Properties of the Circle of Similitude: What Is This about?
A Mathematical Droodle
|What if applet does not run?|
The circle of similitude of two circles of different radii that lie without each other exhibits several interesting properties, three of which are demonstrated by the applet below.
|What if applet does not run?|
With the reference to the applet, the circles c1, c2 are given by their centers O1, O2 and radii R1, R2. The centers of similarity of c1 and c2 are denoted P (internal) and Q (external). CM and CS are centers of segments O1O2 and PQ, respectively.
The circle of similitude (cS) of c1 and c2 is an Apollonian circle with respect two the centers O1 and O2 and ratio R1/R2 (or R2/R1). The circle is centered at CS and had PQ as a diameter. As such it belongs to a family of coaxal circles defined by the point circles O1, O2. Each member of the family, cS in particular, is orthogonal to the circle with O1O2 as a diameter. This is statement 1 hinted at by the applet.
The circle of similitude of any two circle with centers at O1, O2 is orthogonal to the circle with O1O2 as a diameter.
For a point T on the circle of similitude of two circles c1 and c2, the four points of contact of the tangents from T to the circles can be split into two pairs L1, L2 and M1, M2, with Li, Mi lying on ci,
|(2)||∠L1TP = ∠PTL2.|
For a point T on the circle of similitude, the tangents two the two circles form similar triangles. This makes angles L1TM1 and L2TM2 equal. The lines TO1 and TO2 serve naturally is the bisectors of these angles. The points of tangency L1, M1 for c1, and L2, M2 for c2, can be paired -- L1, L2 and M1, M2 -- so that the angles PTL1 and PTL2 are equal as are the angles PTM1 and PTM2. (The applet only shows only one pair of angles at a time.) This is because for an Apollonian circle CS, TP is a bisector of angle O1TO2. This proves statement 2.
Unlike Statements 1 and 2 that underscore equalities in angular relationships, Statements 3 and 4 relate to equalities of linear elements of the configuration.
The points in the pair L1 and L2 are equidistant from the radical axis of c1 and c2, and so are M1 and M2. (This is the same as saying that the midpoint of L1L2 (and also that of M1M2) lies on the radical axis.) If Hi,
|(3)||L1H1 = L2H2.|
Let the line L1L2 crosses c1 in K1 and c2 in K2. Then
|(4)||L1K1 = L2K2.|
The converse is also true: If a line cuts two circles in four points K1, L1, L2, K2 (in that order) so that (4) holds, then the tangents to the circles at L1 and L2 (as well as those at K1 and K2) meet on the circle of similitude.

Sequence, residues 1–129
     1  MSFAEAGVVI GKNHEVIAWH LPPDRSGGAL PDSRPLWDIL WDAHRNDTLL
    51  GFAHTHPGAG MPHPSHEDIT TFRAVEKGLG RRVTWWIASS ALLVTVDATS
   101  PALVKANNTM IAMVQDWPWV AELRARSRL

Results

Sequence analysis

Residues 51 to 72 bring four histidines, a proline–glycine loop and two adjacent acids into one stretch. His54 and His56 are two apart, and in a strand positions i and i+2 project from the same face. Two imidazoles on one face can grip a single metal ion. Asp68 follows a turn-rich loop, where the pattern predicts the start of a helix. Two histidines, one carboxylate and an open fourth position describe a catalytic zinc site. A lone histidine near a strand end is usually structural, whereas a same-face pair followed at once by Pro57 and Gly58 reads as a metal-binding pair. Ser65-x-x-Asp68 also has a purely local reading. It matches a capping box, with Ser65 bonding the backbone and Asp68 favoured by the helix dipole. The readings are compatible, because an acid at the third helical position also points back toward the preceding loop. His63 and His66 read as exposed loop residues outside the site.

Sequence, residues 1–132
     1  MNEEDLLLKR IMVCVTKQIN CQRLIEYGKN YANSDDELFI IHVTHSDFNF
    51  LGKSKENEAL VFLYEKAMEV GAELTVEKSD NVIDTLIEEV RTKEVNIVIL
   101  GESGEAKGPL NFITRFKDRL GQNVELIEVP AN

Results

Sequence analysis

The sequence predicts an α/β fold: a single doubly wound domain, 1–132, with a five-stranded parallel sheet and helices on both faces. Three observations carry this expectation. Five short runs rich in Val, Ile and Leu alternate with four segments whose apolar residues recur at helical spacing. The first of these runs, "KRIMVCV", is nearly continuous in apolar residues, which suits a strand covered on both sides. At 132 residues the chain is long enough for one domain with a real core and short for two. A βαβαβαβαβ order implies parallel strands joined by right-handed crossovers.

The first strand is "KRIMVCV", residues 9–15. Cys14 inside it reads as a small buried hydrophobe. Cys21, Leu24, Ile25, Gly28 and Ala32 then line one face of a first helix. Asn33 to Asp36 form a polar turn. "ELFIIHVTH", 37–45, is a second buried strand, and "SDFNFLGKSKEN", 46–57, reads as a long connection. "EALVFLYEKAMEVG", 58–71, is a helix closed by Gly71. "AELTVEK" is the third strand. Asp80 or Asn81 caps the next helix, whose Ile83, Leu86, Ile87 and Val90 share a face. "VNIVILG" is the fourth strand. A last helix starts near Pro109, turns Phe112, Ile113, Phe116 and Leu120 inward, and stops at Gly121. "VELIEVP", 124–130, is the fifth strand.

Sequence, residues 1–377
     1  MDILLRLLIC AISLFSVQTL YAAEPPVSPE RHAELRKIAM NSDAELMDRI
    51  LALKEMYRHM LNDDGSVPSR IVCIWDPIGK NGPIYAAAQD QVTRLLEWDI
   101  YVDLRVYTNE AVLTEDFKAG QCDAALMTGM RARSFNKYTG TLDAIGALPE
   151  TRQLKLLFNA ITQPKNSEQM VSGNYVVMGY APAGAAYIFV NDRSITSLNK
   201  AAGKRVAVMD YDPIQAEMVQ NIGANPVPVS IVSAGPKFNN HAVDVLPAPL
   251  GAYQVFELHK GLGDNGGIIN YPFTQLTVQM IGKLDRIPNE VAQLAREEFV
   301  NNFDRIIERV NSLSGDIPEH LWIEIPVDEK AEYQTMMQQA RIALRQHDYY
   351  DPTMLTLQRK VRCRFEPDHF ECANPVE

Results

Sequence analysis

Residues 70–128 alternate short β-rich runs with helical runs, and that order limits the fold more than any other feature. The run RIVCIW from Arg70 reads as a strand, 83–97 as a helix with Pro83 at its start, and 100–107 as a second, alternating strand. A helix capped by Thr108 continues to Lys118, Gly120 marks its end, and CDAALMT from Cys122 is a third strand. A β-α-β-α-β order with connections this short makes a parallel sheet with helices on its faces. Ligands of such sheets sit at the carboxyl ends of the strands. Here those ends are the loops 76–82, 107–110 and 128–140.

Let t(X, c) denote the length of the tangential segment from a point X to a circle c. Then
|(4')||t(L1, c2) = t(L2, c1).|
Statements 4 and 4' are equivalent. Indeed,
Statements 3 and 4 are equivalent. The power of a point lying on a circle with respect to another circle is a linear function (see (5) below) of its distance to the radical axis of the two circles. Thus (3) implies (4') which, in turn, implies (4). The converse is as immediate.
Let F denote the intersection of the radical axis of the two circles c1, c2 with their line of centers. For a point S, let H be the projection of S on the latter. di,
the latter because the powers of F with respect to the two circles c1, c2 are equal, as are the powers of any other point on the radical axis of the circles. If d is the distance between the centers O1, O2, we can write
|Pow(S, c1) - Pow(S, c2) = 2·d·FH.|
For a point on c2,
|(5)||Pow(S, c1) = 2·d·FH.|
A similar formula for a point on c1 seems to have come with a sign minus, but this only because we have to consider FH as a signed segment. Of course all other segments in this discussion had be signed. This was not important until now.
Proof of Statement 4
(I thank Stuart Anderson for help with this proof.)
Let B be the foot of perpendicular from T to L1L2. (The following applies equally well to points M which, for this reason, won't be mentioned again.) Let Bi,
From the aforementioned similarities we obtain the following proportions:
L1B1 / R1 = TB / L1T and|
L2B2 / R2 = TB / L2T,
from which, by eliminating TB, we get:
|L1B1 · L1T / R1 = L2B2 · L2T,|
|L1B1 · (L1T / R1) = L2B2 · (L2T / R2).|
Now recollect that for point T on the circle of similitude the expressions in parentheses on both sides of the equality are equal, which implies
|L1B1 = L2B2,|
and subsequently (4).
The converse of the statement is proved in a standard way. Choose one of the circles, say, c1 and the corresponding L point, L1. Let the tangent to c1 at L1 intersect the circle of similitude in T. From T draw the tangents to c2 and select one of the points of contact as, say, L'2. (In order to select the right point of contact, observe that triangle L1TM1 and L2TM2 have different orientations.) By the direct statement,
|Pow(L'2, c1) = Pow(L1, c2) = Pow(L2, c1),|
from which, due to (5), L'2 = L2.
- J. L. Coolidge, A Treatise On the Circle and the Sphere, AMS - Chelsea Publishing, 1971